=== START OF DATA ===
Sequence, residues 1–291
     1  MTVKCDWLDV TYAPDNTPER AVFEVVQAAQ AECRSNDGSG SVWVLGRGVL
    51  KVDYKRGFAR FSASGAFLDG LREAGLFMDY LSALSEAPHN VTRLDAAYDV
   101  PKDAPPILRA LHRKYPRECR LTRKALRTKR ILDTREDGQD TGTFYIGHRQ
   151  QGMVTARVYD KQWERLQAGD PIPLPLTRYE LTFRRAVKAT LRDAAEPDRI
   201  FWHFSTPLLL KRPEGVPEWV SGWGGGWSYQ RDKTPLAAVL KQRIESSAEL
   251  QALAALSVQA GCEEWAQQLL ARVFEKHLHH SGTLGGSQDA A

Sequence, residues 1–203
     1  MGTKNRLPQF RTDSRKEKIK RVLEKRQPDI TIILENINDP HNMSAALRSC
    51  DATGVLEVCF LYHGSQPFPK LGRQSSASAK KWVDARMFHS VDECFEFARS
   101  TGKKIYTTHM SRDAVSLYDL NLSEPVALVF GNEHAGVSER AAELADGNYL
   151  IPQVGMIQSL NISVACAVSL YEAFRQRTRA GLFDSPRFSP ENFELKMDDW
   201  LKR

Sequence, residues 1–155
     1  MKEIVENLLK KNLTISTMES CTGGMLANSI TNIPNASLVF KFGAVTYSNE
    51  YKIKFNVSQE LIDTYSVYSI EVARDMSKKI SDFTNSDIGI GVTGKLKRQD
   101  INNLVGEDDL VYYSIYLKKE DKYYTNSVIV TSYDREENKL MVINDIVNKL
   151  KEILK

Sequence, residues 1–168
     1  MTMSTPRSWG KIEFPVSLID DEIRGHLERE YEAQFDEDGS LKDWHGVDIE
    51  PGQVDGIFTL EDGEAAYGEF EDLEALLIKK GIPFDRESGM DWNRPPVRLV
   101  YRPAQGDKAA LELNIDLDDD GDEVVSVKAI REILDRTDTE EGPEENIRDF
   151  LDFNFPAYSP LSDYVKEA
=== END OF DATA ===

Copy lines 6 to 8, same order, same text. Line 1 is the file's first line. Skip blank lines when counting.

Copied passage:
   201  FWHFSTPLLL KRPEGVPEWV SGWGGGWSYQ RDKTPLAAVL KQRIESSAEL
   251  QALAALSVQA GCEEWAQQLL ARVFEKHLHH SGTLGGSQDA A

Sequence, residues 1–203